Close Notification

Your cart does not contain any items



We can order this in for you
How long will it take?


Oxford University Press
05 July 2001
'Will be a valuable source book for analysts interested in the history of the main ideas of analysis, as well as for others wanting to know about developments in other fields.' -EMS 'This is a superb history of 20th century mathematical analysis.' -Zentralblatt MathematikThis book studies the 20th century evolution of essential ideas in mathematical analysis, a field that since the times of Newton and Leibnitz has been one of the most important and prestigious in mathematics. Each chapter features a comprehensive first part on developments during the period 1900-1950, and then provides outlooks on representative achievements during the later part of the century. The book will be an interesting and useful reference for graduate students and lecturers in mathematics, professional mathematicians and historians of science, as well as the interested layperson.
By:   Jean-Paul Pier (Department of Mathematics Luxembourg University Centre)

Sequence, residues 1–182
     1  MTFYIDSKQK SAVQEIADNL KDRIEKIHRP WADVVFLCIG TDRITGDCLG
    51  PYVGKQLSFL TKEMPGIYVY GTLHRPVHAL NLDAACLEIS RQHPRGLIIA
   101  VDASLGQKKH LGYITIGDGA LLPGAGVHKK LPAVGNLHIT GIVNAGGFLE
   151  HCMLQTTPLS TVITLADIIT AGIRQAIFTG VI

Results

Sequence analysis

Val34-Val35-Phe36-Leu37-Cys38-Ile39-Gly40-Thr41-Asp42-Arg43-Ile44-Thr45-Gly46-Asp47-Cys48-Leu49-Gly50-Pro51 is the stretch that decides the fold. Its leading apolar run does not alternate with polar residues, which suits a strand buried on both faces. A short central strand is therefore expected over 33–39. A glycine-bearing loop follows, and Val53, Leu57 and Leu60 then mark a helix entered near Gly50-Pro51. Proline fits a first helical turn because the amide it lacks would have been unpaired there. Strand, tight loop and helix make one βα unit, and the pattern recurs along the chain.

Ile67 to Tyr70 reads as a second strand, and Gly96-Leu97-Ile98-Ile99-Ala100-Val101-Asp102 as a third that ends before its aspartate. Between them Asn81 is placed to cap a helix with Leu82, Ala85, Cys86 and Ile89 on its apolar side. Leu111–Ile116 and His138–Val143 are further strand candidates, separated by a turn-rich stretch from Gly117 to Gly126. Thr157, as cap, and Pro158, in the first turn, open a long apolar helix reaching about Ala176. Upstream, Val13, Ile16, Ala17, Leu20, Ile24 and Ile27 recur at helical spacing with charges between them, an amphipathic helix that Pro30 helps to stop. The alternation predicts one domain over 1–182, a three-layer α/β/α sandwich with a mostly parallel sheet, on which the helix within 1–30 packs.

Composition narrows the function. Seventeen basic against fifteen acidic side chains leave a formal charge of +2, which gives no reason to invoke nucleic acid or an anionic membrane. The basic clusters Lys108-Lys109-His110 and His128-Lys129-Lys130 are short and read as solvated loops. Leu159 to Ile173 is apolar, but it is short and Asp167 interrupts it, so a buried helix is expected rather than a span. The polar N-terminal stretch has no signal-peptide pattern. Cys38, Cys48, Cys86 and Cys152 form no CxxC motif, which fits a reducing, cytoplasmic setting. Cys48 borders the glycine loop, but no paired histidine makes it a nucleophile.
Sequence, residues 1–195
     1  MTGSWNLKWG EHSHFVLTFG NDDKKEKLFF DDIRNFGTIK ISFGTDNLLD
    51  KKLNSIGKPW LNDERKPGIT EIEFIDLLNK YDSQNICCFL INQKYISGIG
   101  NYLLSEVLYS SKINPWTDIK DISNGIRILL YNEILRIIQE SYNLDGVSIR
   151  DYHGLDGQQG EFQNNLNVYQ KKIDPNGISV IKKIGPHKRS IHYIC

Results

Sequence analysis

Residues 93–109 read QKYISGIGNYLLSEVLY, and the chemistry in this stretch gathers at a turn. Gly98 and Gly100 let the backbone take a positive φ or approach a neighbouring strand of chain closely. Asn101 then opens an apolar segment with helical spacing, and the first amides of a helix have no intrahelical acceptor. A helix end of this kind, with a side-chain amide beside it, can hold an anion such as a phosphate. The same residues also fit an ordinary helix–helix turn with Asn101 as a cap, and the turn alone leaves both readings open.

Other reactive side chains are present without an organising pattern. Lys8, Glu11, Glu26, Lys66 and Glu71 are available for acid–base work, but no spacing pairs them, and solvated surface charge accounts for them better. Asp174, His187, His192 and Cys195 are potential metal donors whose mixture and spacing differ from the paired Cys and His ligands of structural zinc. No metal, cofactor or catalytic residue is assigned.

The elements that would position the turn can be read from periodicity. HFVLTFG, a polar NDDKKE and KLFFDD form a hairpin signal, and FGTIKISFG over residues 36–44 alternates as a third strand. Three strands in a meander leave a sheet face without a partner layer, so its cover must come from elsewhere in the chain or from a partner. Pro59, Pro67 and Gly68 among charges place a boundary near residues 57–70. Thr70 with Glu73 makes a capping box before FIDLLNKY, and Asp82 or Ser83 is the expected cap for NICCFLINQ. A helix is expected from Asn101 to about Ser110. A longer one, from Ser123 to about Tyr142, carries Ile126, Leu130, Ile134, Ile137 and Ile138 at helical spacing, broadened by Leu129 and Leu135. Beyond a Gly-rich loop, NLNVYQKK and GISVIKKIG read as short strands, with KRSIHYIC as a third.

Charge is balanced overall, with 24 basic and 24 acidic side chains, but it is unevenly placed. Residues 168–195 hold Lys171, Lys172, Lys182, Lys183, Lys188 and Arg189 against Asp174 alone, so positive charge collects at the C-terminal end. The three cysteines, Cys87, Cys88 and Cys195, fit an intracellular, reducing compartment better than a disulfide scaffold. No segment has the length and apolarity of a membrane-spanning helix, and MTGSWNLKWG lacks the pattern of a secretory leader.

Imprint:   Oxford University Press
Country of Publication:   United Kingdom
Dimensions:   Height: 242mm,  Width: 164mm,  Spine: 28mm
Weight:   782g
ISBN:   9780198503941
ISBN 10:   0198503946
Pages:   440
Publication Date:   05 July 2001
Audience:   Professional and scholarly ,  Undergraduate
Format:   Hardback
Publisher's Status:   Active

Professor Jean-Paul Pier, Department of Mathematics, Luxembourg University Centre.

Reviews for Mathematical Analysis during the 20th Century

`What this book is full of, on almost every page, are quotations. They are well chosen, trenchant, and presented in their original language and an English translation. The effect is to eavesdrop on a long, continuing conversation, the conversation that is the life of mathematics as discussed by leading mathematicians. Here they are caught saying interesting, insightful, provocative things. They are by no means confined to definitions and statements of theorems, they are allowed to tell you why they think something is important, charming, useful, how it was found, who is responsible.' Jeremy Gray

See Also